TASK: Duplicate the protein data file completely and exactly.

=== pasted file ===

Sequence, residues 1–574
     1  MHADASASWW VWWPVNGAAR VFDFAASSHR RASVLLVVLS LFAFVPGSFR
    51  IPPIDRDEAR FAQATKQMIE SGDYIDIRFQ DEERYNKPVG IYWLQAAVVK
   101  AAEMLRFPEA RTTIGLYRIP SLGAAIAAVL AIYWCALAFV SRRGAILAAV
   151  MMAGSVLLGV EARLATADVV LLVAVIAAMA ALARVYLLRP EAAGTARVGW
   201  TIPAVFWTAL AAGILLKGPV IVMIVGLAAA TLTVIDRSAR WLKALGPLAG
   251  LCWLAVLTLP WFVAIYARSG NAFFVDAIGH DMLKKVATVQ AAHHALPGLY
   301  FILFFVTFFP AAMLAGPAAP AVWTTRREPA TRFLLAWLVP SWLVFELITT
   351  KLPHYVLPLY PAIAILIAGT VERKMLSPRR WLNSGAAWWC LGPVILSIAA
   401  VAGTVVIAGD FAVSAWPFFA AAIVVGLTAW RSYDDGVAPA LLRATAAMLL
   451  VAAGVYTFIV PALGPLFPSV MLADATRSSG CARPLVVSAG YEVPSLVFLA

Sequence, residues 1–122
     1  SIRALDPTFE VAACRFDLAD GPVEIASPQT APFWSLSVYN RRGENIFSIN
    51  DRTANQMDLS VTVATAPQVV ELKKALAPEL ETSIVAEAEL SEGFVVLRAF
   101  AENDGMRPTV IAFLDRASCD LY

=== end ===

Sequence, residues 1–574
     1  MHADASASWW VWWPVNGAAR VFDFAASSHR RASVLLVVLS LFAFVPGSFR
    51  IPPIDRDEAR FAQATKQMIE SGDYIDIRFQ DEERYNKPVG IYWLQAAVVK
   101  AAEMLRFPEA RTTIGLYRIP SLGAAIAAVL AIYWCALAFV SRRGAILAAV
   151  MMAGSVLLGV EARLATADVV LLVAVIAAMA ALARVYLLRP EAAGTARVGW
   201  TIPAVFWTAL AAGILLKGPV IVMIVGLAAA TLTVIDRSAR WLKALGPLAG
   251  LCWLAVLTLP WFVAIYARSG NAFFVDAIGH DMLKKVATVQ AAHHALPGLY
   301  FILFFVTFFP AAMLAGPAAP AVWTTRREPA TRFLLAWLVP SWLVFELITT
   351  KLPHYVLPLY PAIAILIAGT VERKMLSPRR WLNSGAAWWC LGPVILSIAA
   401  VAGTVVIAGD FAVSAWPFFA AAIVVGLTAW RSYDDGVAPA LLRATAAMLL
   451  VAAGVYTFIV PALGPLFPSV MLADATRSSG CARPLVVSAG YEVPSLVFLA

Sequence, residues 1–122
     1  SIRALDPTFE VAACRFDLAD GPVEIASPQT APFWSLSVYN RRGENIFSIN
    51  DRTANQMDLS VTVATAPQVV ELKKALAPEL ETSIVAEAEL SEGFVVLRAF
   101  AENDGMRPTV IAFLDRASCD LY